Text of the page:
For so little space, you'd expect light weight, but this dog of a backpack is very heavy for its size. The water-bottle holster is a terrible idea! It fits only a quart/liter bottle, it's black, and so the water not only puts an extra 2-lb. drag on one shoulder (ow!) but gets fiery hot (so I wrap my bottle in aluminum foil).
I jam small items of clothing in around the sleeping bag and the bear can to fill up the rest of the packbag. When the packbag is thus filled, the one dinky external mesh pocket is almost useless because the packbag has expanded into its measly space.
I have to carry so much stuff strapped ont0 the outside that the pack seriously pulls backward on my shoulders, causing more pain. The shoulder straps' padding is too hard and too thin for such a rotten design.
There are no lashing points on the top compartment, so I can distribute some of the external weight in a manner more consistent with my center of gravity with the pack on. OW! OW! OW!
The pack has one of those dumb compartments for a sleeping bag, as if a decent sleeping bag were small enough to be stuffed into it! Not to mention the extra weight from the internal separator from the main compartment (which I took out) and the extra zipper (which I'm stuck with).
There seem to be a number of weight-adding bells and whistles for a hydration system, which I don't use. I don't understand why a pack would have all that cr*p for a hydration system AND that brainless bottle holster!
But here's what's really brainless: me. I actually paid good money for this piece of junk. (The salesman was so nice, took so much time helping me fit it....Dumb, dumb, dumb.)
If I can sell it for $25 instead of the $200+ I think I paid for it, I'll be a happier camper. And I'll use the money for a GoLite pack, something with a very clean, simple, symmetrical, and spacious design.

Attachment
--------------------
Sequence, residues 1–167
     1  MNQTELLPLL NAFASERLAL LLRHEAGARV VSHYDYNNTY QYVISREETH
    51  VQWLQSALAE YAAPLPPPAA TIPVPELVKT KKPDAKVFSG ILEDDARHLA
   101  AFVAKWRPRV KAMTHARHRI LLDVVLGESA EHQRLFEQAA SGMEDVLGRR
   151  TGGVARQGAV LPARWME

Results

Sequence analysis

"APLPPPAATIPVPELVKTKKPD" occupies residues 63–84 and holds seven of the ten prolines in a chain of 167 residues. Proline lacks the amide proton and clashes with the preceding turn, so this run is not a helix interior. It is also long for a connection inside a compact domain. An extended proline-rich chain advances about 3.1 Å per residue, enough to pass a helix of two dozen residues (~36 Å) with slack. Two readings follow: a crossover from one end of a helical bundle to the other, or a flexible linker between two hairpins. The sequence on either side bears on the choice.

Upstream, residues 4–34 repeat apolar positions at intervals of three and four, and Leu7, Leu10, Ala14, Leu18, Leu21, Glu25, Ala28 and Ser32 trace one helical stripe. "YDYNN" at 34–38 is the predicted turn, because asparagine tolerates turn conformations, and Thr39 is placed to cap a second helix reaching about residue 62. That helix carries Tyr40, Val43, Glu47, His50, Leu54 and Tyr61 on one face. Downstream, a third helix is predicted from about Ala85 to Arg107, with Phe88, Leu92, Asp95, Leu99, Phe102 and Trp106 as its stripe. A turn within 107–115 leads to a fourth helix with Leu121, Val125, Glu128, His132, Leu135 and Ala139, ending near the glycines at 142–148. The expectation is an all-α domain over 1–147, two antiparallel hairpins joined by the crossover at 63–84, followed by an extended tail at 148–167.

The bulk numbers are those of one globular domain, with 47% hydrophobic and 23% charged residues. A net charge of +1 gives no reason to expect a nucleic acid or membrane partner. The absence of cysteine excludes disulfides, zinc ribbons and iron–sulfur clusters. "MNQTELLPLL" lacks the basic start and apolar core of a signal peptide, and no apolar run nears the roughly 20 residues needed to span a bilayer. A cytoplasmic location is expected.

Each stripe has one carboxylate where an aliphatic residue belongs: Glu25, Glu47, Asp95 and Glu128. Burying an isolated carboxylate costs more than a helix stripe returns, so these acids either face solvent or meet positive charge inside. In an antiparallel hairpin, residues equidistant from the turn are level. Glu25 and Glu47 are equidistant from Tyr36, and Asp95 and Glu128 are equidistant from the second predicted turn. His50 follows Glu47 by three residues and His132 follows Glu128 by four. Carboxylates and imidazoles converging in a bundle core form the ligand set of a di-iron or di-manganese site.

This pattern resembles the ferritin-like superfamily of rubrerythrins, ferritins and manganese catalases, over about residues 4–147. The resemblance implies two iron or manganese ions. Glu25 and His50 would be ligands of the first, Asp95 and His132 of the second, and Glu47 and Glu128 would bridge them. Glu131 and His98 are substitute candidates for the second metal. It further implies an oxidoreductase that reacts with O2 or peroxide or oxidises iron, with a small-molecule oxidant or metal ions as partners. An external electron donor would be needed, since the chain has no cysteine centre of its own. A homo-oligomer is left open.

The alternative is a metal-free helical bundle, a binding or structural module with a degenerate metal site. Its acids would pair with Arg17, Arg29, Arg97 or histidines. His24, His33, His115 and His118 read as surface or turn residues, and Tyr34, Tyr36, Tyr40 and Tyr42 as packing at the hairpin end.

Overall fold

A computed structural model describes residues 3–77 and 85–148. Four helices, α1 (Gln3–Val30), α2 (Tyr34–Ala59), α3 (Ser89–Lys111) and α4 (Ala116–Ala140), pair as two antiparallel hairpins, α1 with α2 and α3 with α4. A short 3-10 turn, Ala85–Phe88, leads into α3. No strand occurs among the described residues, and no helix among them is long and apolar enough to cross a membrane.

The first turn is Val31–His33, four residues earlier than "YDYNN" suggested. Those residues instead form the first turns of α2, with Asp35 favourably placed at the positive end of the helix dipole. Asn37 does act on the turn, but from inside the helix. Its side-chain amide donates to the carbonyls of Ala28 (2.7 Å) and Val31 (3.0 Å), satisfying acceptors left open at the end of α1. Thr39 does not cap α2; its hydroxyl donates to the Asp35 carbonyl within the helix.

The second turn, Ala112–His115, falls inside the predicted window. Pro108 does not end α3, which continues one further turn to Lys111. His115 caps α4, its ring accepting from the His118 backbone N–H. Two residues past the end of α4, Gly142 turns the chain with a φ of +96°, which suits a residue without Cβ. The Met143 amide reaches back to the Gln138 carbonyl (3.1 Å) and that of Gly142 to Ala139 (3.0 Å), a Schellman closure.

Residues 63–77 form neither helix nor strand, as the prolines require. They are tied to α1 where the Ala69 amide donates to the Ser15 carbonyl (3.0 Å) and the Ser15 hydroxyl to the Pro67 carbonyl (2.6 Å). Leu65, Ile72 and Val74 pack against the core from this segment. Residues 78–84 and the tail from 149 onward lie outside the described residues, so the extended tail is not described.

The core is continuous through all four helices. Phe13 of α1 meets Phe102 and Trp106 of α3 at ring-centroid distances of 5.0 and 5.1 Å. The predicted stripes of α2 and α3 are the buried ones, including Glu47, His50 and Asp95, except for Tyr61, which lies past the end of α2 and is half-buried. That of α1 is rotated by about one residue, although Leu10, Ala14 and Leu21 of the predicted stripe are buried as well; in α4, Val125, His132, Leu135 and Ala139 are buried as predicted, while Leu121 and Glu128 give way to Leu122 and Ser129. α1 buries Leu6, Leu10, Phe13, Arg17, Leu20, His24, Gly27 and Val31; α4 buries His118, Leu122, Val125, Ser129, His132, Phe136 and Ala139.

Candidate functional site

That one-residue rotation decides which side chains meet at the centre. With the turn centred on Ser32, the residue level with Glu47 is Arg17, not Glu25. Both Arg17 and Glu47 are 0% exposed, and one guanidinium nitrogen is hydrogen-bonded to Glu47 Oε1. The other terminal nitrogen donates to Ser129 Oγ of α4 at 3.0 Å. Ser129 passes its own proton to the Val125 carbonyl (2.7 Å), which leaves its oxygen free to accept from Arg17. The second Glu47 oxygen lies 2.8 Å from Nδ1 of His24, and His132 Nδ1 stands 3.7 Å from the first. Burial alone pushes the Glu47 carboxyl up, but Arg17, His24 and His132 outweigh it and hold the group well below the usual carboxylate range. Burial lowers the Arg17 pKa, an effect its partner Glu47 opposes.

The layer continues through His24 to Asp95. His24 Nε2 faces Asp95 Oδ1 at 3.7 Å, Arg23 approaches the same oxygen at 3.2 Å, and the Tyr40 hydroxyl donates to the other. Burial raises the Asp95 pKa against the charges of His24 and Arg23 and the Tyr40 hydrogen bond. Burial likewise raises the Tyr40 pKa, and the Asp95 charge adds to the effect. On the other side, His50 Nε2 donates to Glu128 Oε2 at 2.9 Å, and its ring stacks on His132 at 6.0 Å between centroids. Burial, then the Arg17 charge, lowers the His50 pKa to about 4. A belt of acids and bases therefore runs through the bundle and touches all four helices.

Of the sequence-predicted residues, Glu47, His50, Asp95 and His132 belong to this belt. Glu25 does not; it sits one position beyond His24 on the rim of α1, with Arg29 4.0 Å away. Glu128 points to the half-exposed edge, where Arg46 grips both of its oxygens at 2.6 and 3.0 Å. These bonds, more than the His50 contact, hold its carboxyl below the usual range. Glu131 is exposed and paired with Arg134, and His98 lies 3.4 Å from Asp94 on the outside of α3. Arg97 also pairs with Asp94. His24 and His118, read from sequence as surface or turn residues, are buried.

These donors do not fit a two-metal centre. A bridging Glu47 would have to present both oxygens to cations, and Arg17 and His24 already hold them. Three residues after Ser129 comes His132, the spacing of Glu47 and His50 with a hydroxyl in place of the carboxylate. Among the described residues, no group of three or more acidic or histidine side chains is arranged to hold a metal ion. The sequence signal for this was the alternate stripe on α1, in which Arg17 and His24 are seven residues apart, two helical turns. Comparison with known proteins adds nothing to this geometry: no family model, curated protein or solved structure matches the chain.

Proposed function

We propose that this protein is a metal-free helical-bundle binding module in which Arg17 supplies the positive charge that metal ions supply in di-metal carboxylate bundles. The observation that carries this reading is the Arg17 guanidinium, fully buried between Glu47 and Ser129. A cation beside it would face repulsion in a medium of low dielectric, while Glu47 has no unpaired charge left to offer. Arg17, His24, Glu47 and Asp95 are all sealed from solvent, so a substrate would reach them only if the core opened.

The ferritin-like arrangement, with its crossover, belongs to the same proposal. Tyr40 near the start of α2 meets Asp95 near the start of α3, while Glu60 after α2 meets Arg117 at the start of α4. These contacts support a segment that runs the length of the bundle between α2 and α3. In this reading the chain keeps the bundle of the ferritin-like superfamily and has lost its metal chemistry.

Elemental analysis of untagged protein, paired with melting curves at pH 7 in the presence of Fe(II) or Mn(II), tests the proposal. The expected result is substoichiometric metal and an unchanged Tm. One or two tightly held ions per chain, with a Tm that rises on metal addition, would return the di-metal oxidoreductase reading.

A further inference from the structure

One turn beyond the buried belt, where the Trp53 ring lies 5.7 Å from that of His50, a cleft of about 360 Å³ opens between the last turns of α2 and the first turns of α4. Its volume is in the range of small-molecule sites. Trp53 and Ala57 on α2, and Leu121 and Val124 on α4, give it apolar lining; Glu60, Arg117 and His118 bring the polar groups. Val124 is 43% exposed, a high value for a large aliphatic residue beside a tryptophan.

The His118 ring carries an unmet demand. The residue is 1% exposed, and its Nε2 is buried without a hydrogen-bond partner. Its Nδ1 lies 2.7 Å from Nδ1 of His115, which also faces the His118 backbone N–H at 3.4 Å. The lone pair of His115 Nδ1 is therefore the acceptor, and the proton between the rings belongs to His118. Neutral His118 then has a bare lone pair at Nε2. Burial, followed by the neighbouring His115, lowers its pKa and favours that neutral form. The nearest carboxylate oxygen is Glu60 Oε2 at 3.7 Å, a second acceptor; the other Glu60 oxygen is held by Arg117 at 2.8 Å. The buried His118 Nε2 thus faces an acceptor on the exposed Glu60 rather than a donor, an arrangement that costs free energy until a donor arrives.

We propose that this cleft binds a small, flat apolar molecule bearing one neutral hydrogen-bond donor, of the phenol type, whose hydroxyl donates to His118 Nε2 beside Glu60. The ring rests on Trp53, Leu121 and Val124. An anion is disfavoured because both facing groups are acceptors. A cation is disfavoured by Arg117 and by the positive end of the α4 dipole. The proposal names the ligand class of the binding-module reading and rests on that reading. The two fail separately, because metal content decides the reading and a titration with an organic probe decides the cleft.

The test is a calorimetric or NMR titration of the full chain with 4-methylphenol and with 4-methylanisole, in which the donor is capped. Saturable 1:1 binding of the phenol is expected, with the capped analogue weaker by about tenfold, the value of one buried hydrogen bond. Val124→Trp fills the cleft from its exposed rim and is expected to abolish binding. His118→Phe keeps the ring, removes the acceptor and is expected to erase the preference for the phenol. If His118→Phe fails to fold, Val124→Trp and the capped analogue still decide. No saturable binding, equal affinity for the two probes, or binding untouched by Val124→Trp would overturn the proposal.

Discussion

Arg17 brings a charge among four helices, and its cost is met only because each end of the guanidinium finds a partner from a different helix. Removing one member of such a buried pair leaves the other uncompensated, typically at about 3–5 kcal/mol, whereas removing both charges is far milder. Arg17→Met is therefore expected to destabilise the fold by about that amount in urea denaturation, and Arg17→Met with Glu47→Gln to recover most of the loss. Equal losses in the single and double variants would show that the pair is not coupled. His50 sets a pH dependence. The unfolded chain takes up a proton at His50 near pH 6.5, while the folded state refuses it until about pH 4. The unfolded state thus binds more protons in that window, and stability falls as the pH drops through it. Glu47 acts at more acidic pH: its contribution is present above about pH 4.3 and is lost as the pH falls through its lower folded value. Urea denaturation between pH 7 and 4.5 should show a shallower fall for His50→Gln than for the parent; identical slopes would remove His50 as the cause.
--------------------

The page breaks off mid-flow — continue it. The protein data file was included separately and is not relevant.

It's a lesson I've learned the hard way in tents, too: Avoid bells and whistles. Avoid weird shapes and asymmetrical designs. They just mean pain and problems down the road.
Design: Top-loading internal
Size: (Don't know -- Women's small)
Number of Pockets: 1
Max. Load Carried: 40 lbs.?
Height of Owner: 5'1.5"
Price Paid: Can't recall -- $200+?
I own a previous model of this pack, with the rubberized bottom, in a sapphire blue, size small, with a medium hipbelt.
This was my first pack in many years, replacing an old external framed pack I'd had forever. I absolutely love this pack for all its features, as well as the comfort carrying heavier loads.
I hiked the Wonderland Trail with it, and found it to carry well, as well as be comfortable on the long haul. I love the fact that it moves with me, or can be cinched down tight when you don't want it to move around so much.
The lid comes off to make a fanny/day pack, although I've never used it that way. It packs well, and is my go-to "load hauler" when I need something to carry a heavier load- like in colder seasons.
Although a bear can WILL fit inside this pack, I fasten it (when needed) in between the top lid and main body of the pack, where it rides stably and comfortably. It would also easily ride at the bottom of the pack, if you aren't carrying a sleeping pad there already.
My only "complaints" about this pack are the weight- at over 5 lbs, and the fact that it doesn't have hipbelt pockets, although a side trip to Granite Gear fixed that problem easily.
I have since lightened up considerably from those days, and now only use this pack when I need to carry a winter load. But, I wouldn't give it up for anything!! It's definitely not a "thru-hikers" pack, but it does the job it's designed to do, comfortably and with a bit of style.
Design: Top loading, internal frame
Size: 60 litre
Number of Pockets: 5
Max. Load Carried: 38 lbs
Height of Owner: 5'6"
Price Paid: $250